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European Union: Which Was the Real EU Show in Brussels?

Brussels, 1 April 1998 (RFE/RL) -- There were two dramas going on at once yesterday, within the European Union (EU) headquarters in Brussels. Their proximity symbolized the difficulties the 15 countries of Western Europe will have in transforming themselves into a pan-European organization in the next several years. It was hard to determine which was the main show, and which was the sideshow.

In one area, the EU began substantive membership talks with Cyprus and five Eastern European states: the Czech Republic, Estonia, Hungary, Poland and Hungary. In six, separate inaugural conferences, top EU and applicant-state officials used the same language to characterize the event: "historic." "The end of the artificial division of Europe," "a single united continent." The day before, five other Eastern applicant states - deemed not yet qualified to begin substantive talks, but promised ultimate membership: Bulgaria, Latvia, Lithuania, Romania and Slovakia; had employed similar rhetoric.

In another area of EU headquarters close by, EU farm ministers met to discuss proposals to reform the bloc's costly common agricultural policy (CAP), which all agree must be changed in order for enlargement to proceed harmoniously. It was their debate that was televised internally to a large group of interested citizens, who frequently shouted emotional comments. Outside, two groups of Italian and Irish farmers - among the EU agricultural policy's biggest beneficiaries - demonstrated their opposition to any major reductions in farm subsidies.

The contrast between the EU officials' good intentions and the resistance by many of their own ordinary citizens was stark. Asked to comment on the difference, Poland's Foreign Minister Bronislaw Geremek said he was sure that, once the problems of reform and expansion was properly explained to public opinion within the EU, the threat to enlargement would disappear. Geremek added, "politicians think generally of the next election, while statesmen think in large terms."

Far from all officials in the EU are as optimistic as Geremek. Many of them believe that politicians, by their very nature, have no choice but to be primarily concerned with the next election. That explains, they say, why EU national politicians have been unable to persuade their citizens of the need to reduce both the EU's common agricultural policy, and regional-funding programs, which eat up more than 80 percent of the EU annual budget. It also explains, the politicians admit, the EU's failure, so far, to agree on how to finance expansion, and how to re-fashion critical voting arrangements for an enlarged EU.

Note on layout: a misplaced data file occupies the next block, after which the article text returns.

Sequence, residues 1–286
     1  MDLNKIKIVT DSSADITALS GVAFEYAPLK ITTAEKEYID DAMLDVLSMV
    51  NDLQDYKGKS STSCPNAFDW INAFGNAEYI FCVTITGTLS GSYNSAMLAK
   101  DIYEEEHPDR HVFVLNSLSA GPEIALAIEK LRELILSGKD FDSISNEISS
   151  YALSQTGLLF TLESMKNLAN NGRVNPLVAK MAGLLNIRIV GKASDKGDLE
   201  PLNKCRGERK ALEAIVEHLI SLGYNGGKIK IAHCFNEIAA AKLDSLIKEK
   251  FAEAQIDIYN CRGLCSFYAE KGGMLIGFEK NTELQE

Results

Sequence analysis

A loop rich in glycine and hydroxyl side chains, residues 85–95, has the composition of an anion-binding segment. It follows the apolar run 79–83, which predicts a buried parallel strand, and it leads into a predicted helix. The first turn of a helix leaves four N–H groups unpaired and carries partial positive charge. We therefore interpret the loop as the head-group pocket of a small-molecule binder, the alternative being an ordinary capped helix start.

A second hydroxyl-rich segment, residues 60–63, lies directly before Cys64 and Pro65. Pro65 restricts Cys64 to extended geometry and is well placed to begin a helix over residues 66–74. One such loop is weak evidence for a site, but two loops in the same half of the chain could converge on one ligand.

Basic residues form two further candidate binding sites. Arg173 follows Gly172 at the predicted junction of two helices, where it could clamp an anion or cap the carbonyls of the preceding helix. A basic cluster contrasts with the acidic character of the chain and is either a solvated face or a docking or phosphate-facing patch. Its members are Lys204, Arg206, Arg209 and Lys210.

Judging by their public language in Brussels yesterday and Monday, many top officials in the East have still failed to grasp this basic reality in Western Europe. Monday, the Foreign Ministers of the ten Eastern applicants, as well as EU Foreign Ministers, all insisted on the historic character of the enlargement process. They said they believed the process would bring about a continent-wide zone of peace and prosperity that Europe had never yet been able to realize. Romania's Foreign Minister Andrei Plesu, a writer before entering government, spoke of Europe's "passionate undertaking to re-establish its lost status," without specifying when the continent has attained such a status before.

The same day, Slovenia's Foreign Minister Boris Frlec spoke in the same rhetorical vein, which seemed to reflect little understanding of today's Western European realities. Frlec told his colleagues from East and West that it was, "particularly encouraging to see European states, with very strong national traditions, find it both acceptable and beneficial to share their sovereignty with other nations."

Poland's Foreign Minister Geremek went even further Monday. He said Poland fully intends to integrate itself into the enlargement process as a full partner of the Union. "Our principle," Geremek declared, "is that nothing should be decided without us."

There was a sense of the unreal about all this. Had Frlec, Geremek and their Eastern colleagues taken time to listen to the agricultural debate going on at the same time as their own ceremonies? Had they not heard the angry shouts of EU citizens inside, and EU demonstrators outside, the headquarters? Had they not finally asked themselves the key question: which was the main EU show and which was the sideshow?